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Hand-held ebook readers have grown in popularity in recent years, and this has resulted in the flooding of the ebook market with many brands and versions at varying price levels. Of the many brands, Amazon's Kindle, Barnes and Nobles Nook, and Sony stand out as the three most popular ones. The popularity and acceptance of Amazon makes Kindle the most discussed and popular one among the lot. Yet, the question begs asking - is Kindle the best reader?
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The base model of Kindle costs $139 and comes with a 6" diagonal display, built-in qwerty keyboard and 2GB memory capable of holding about 1500 ebooks. The Wi-Fi allows connection to the Amazon store. The battery charge lasts about a week. Kindle 2 is the same version plus 3G, costing $189.
The high end Kindle DX costs $389, and comes with additional features and functionality such as a bigger 9.7" screen, seamless support of PDF files, ability to view in either classical portrait or wider landscape mode and 4GB memory, twice as that of Kindle 2 and capable of holding about 3500 books.
The biggest USP of Kindle is Amazon's unmatched support. Amazon provides a superior collection of books at lower costs, and allows downloading the first chapter for free. It also allows re-downloading books already purchased but deleted from the Kindle, and synchronized reading of the same ebook across the Kindle, smart phone, and PC. Moreover most purchases come with free books and other interesting applications.
Amazon also provides a free email address, and converts other files into Kindle’s proprietary mobipack file format.
All these features makes Kindle rank among the most popular of ebook readers, but is Kindle the best reader?
Image Credit: flickr.com/John Blyberg
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Low End Options
eBook readers such as Aluratek Libre, Kobo eReader, and the Sharper Image Literati, cost anywhere between $99 to $129 and compete with Kindle primarily on costs. In reality, such ebook readers offer no comparison to Kindle, owing to Amazon’s unmatched support and the wide range of functionality available in Kindle, making it by far a better value for money.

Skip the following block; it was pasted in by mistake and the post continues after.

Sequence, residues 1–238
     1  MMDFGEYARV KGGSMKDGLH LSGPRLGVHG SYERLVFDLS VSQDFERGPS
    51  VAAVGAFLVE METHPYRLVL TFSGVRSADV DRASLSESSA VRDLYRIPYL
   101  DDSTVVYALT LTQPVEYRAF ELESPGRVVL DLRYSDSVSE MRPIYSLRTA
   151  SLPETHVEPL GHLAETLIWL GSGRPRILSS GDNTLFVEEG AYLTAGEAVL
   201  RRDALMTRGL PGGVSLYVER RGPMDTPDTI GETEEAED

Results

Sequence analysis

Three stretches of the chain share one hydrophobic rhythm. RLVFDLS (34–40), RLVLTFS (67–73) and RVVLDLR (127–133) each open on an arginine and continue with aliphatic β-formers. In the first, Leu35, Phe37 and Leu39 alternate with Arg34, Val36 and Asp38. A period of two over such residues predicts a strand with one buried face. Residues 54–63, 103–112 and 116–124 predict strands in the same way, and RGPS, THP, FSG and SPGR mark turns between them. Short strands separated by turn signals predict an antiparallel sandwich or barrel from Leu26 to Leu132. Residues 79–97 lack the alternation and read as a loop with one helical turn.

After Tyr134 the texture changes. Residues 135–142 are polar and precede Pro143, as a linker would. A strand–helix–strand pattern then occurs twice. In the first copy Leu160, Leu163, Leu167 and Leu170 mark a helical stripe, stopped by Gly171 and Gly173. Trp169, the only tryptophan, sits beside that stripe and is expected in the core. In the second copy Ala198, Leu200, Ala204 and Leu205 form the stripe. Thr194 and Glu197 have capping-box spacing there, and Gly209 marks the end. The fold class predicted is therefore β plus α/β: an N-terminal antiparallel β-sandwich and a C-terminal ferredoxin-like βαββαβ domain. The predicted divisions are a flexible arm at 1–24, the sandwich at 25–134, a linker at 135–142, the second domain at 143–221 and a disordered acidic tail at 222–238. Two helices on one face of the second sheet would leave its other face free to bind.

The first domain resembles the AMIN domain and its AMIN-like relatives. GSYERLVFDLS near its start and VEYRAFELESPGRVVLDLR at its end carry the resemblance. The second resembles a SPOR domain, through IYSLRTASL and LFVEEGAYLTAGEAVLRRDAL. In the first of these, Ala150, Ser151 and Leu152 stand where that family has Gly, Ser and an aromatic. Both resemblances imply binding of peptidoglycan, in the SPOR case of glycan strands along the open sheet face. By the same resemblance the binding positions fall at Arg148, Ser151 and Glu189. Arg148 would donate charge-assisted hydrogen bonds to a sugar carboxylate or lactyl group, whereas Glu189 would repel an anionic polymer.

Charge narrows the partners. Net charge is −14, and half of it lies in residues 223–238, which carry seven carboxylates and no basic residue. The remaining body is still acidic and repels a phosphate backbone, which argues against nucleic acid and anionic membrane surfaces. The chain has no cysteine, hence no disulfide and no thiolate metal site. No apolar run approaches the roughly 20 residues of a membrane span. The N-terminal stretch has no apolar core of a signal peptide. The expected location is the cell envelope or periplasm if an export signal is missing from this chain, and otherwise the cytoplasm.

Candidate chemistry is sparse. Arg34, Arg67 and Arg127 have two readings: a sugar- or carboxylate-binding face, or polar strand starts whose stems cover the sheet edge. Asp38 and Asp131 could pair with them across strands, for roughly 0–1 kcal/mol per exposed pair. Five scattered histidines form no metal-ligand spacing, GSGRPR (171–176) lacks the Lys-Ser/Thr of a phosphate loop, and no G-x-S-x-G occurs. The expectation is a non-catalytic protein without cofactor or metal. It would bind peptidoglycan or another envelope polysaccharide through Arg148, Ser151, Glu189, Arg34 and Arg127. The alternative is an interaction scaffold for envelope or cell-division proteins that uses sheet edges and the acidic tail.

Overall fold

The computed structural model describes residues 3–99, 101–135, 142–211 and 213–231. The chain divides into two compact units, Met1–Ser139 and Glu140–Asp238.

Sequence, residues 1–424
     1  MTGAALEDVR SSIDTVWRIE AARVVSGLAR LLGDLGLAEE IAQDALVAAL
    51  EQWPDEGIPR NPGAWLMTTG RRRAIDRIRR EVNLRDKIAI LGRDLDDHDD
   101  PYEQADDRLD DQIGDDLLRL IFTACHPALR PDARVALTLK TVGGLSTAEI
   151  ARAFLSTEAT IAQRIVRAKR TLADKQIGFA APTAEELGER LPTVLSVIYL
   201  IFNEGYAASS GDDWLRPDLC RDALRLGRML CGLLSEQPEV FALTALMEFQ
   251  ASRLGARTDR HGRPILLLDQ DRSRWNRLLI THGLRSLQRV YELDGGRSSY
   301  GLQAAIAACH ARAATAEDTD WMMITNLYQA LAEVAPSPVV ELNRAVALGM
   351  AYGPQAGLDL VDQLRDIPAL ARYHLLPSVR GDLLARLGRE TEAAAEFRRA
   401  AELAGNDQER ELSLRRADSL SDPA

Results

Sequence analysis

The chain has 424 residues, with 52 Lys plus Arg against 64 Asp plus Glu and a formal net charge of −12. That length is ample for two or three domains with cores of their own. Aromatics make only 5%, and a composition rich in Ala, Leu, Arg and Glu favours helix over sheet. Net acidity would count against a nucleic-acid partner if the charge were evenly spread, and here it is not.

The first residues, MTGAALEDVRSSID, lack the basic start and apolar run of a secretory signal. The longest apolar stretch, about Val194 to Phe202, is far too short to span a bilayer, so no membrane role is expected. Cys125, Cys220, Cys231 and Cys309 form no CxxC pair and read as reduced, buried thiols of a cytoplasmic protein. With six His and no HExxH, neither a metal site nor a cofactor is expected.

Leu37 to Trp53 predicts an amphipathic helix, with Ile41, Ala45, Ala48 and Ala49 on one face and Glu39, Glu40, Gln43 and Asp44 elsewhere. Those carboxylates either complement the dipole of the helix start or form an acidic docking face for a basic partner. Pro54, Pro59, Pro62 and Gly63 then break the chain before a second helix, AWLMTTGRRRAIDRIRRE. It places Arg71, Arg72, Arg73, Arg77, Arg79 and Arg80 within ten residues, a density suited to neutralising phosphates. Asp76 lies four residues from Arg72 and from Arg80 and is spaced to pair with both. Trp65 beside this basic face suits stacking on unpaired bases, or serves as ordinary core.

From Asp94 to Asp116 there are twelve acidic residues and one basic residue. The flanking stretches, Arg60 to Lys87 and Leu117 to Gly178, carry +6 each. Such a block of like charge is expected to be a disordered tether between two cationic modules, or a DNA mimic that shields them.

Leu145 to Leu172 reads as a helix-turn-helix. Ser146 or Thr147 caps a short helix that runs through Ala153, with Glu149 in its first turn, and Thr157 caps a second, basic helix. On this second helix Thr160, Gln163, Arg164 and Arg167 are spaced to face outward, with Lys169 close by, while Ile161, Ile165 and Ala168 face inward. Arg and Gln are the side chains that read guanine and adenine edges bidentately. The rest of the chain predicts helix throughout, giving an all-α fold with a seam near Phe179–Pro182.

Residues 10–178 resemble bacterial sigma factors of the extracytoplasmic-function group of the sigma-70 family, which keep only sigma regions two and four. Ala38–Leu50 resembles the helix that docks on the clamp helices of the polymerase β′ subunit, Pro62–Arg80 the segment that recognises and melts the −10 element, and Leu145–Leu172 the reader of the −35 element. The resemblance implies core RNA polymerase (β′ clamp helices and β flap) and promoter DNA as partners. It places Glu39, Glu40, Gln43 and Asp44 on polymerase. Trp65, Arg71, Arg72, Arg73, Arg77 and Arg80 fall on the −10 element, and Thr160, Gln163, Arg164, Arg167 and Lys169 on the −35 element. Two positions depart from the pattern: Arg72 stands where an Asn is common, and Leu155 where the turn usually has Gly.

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Sony Reader Pocket Edition PRS-350 priced at $179 is comparable to Kindle 2, but does not offer wi-fi, forcing readers to download books to their PC or netbook first and transfer to the PRS-350 via USB cable. The lack of Wi-Fi alone makes Kindle the clear winner in the low end segment.
The high end Sony Reader Daily Edition PRS-950 incorporates Wi-Fi, 3G, and priced at $299 pose a serious challenge to Kindle. Sony PRS-950 scores over Kindle in reading clarity. It comes with a much lesser internal memory of 512 MB, but allows SD memory cards, allowing for possible infinite storage. It also comes with touch screen support and a virtual keyboard that allows freehand.
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While Kindle scores over Sony in the low end model, and Sony offers some unmatched features over Kindle in the high end model, Barnes & Nobles Nook offers the most serious competition to Kindle.
The low end model of Nook costs $149, and offers just about the same features and functionalities of Kindle’s $139 model. The 3G model of Nook priced at $199 offers just about the same features that Kindle2 offers at $189. The major difference is Kindle’s qwerty keyboard and Nook’s touchscreen. While Nook’s touchscreen scores on appearance, its size, no more than that of a smartphone touchscreen, makes Kindle the better option.
The high end Nook Color costs $249 and offers serious competition for Kindle DX. Unlike Kindle, it provides a better color reading option that makes reading magazines a pleasure. It also delivers some web browsing and multimedia features.
The Nook comes with a chess and Sudoku program on it, but strangely does not offer the facility to read MS Word Documents, something that Kindle does.
Nook’s expandable memory up to 16GB is another advantage over Kindle.
While both Nook and Kindle come with long lasting batteries, Kindle’s battery requires shipment to Amazon for replacement, whereas any Barnes and Noble store replaces Nook's battery.
Barnes and Nobles allows lending digital content from Nook, permits free reading of any book from the Barnes and Nobles store for an hour, and supports PDF without conversion. The Nook however cannot read Amazon's DRM formatted books bought through the Kindle store.
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Ebook reader comparison 2010 suggests that feature and functionality wise, Kindle beats competitors hands down on the low end Wi-Fi and Wi-Fi plus 3G models.
For high-end models, both Nook Color and Sony PRS-950 offer advanced features that neither Kindle 2 nor DX provides, but at the same time Kindle DX offers some unique features such as a big screen, text-to-speech software and international wireless coverage that neither Sony or Nook provides.
What makes Kindle stand out from the others and become the best value for money preposition, edging out Barnes and Nobles Nook and Sony is the support provided by Amazon. Amazon’s support is clearly superior, providing an affirmative answer for the question “Is Kindle the best reader?"
Image Credit: Wikimedia Commons